The Burden of Farm Mortgage Debt

July 25, 1932

Report Outline
Change of Direction in Demand for Farm Relief
Development of Federal Farm Loan System
The Farm Loan System During the Depression
Proposals for Moratorium and Mortgage Refinancing
Special Focus

Change of Direction in Demand for Farm Relief

Failure of General Farm Relief Legislation in Congress

Prices of livestock and certain other farm products have recently recorded encouraging gains. Signs of betterment in the general agricultural situation have not yet appeared on so impressive a scale, however, as to promise a cessation of demands for further farm relief. Congress enacted legislation for the improvement of agricultural credit facilities at its last-session, but defeated bills embodying the equalization fee, the export debenture, and the domestic allotment plans of farm relief. According to O. M. Kile, an agricultural economist who formerly was a staunch advocate of these schemes, the time has passed when either the equalization fee or the export debenture plan can be expected to work out successfully. Furthermore, the declining farm vote and the depression in the cities make it now less likely than ever that these plans can be enacted into law. In consequence, many farm leaders are turning away from these and like remedies put forward in earlier years and toward measures which, through inflation of the currency or otherwise, will lighten the burden of the farmers' debts.

The first point in the agricultural plank of the 1932 Democratic platform is a declaration for “better financing of farm mortgages, through reorganized farm bank agencies, at low rates of interest on an amortization plan.” Governor Roosevelt, in his address at Chicago accepting the Democratic nomination, asserted that “rediscounting of farm mortgages under salutary restrictions must be expanded and should, in the future, be conditioned on the reduction of interest rates.”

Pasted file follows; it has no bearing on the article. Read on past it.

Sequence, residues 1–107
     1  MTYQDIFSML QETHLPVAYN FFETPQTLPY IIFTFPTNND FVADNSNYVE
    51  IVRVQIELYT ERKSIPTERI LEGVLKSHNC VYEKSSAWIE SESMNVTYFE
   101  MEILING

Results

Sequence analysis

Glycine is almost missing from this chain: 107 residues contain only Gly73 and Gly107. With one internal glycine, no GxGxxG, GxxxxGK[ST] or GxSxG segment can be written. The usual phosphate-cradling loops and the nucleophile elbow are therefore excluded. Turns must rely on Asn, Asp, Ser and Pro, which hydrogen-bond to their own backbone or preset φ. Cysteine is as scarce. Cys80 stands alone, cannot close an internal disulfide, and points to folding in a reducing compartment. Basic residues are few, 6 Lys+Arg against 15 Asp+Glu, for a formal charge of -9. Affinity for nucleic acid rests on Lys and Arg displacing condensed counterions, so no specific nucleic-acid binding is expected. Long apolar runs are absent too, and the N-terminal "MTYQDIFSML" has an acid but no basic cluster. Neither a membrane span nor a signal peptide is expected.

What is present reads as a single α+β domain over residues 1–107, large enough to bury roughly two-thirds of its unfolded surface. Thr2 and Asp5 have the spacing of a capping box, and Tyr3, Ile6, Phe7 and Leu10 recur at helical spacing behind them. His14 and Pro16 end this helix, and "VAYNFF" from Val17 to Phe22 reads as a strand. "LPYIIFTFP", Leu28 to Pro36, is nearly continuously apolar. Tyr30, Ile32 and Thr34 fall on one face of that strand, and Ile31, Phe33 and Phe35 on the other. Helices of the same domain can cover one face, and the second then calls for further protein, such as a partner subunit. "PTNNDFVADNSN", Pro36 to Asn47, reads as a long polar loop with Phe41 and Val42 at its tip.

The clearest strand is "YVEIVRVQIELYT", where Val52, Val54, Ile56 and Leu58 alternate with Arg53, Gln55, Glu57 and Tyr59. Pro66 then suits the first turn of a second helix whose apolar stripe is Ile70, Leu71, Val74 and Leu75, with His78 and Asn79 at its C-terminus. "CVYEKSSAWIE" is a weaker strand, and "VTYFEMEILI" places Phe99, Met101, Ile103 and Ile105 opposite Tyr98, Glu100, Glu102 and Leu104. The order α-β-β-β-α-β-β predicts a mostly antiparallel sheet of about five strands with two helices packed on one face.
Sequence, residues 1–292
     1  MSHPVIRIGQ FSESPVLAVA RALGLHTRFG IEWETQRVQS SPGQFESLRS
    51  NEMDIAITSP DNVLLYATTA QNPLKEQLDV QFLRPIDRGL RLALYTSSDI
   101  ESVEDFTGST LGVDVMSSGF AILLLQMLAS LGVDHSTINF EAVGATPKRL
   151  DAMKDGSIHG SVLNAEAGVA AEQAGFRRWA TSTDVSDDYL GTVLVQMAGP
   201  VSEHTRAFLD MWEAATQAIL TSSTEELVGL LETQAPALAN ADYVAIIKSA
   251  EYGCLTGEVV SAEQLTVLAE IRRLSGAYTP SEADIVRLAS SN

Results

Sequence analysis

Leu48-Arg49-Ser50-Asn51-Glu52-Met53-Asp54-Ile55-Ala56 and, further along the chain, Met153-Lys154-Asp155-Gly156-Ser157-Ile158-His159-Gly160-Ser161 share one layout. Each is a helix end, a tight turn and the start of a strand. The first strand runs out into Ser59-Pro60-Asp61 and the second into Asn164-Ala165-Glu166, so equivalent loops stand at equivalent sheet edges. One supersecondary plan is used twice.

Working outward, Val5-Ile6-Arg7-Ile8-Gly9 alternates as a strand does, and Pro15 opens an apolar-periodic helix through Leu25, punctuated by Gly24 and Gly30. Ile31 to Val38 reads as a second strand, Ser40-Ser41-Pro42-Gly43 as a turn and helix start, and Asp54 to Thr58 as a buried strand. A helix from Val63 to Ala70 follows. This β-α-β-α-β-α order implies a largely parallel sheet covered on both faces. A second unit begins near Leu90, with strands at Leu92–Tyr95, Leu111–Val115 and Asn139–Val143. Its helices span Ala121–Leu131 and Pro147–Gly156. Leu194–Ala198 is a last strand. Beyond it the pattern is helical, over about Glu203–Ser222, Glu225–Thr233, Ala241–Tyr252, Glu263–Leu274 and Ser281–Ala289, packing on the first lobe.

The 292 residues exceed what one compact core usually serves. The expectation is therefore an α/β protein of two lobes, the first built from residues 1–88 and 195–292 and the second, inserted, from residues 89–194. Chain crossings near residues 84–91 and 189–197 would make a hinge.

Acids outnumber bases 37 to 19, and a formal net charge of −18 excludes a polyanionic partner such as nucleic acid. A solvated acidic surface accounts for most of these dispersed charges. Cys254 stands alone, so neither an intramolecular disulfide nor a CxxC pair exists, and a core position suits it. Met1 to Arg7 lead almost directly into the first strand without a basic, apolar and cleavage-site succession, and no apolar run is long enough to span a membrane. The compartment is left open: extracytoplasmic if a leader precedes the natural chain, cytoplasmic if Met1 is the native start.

At the last session of Congress a proposal to direct the federal land banks to grant a one-year moratorium on mortgages held by them was defeated in the House by only a small margin of votes. The farm moratorium plan was advanced in connection with the foreign debt moratorium, its sponsors arguing that American farmers merited the same consideration as this country's foreign debtors. This argument is certain to be renewed if Congress is called upon at a later date to approve an extension of the Hoover moratorium or a downward revision of the foreign debts due the United States.

ISSUE TRACKER for Related Reports
Farm Loans and Subsidies
May 17, 2002  Farm Subsidies
Apr. 11, 1986  Farm Finance
Sep. 03, 1941  Government Payments to Farmers
May 27, 1940  Government Farm Loans
Dec. 12, 1936  Government Aid to Farm Tenants
Mar. 20, 1935  Farm Tenancy in the United States
Dec. 08, 1932  Plans for Crop Surplus Control and Farm Mortgage Relief
Jul. 25, 1932  The Burden of Farm Mortgage Debt
Mar. 20, 1929  Plans of Farm Relief
Apr. 21, 1928  The Economic Position of the Farmer
Oct. 20, 1927  The Federal Farm Loan System
May 03, 1926  Congress and the Farm Problem
May 21, 1924  Agricultural Distress and Proposed Relief Measures
Economic Crises
Farm Loans, Insurance, and Subsidies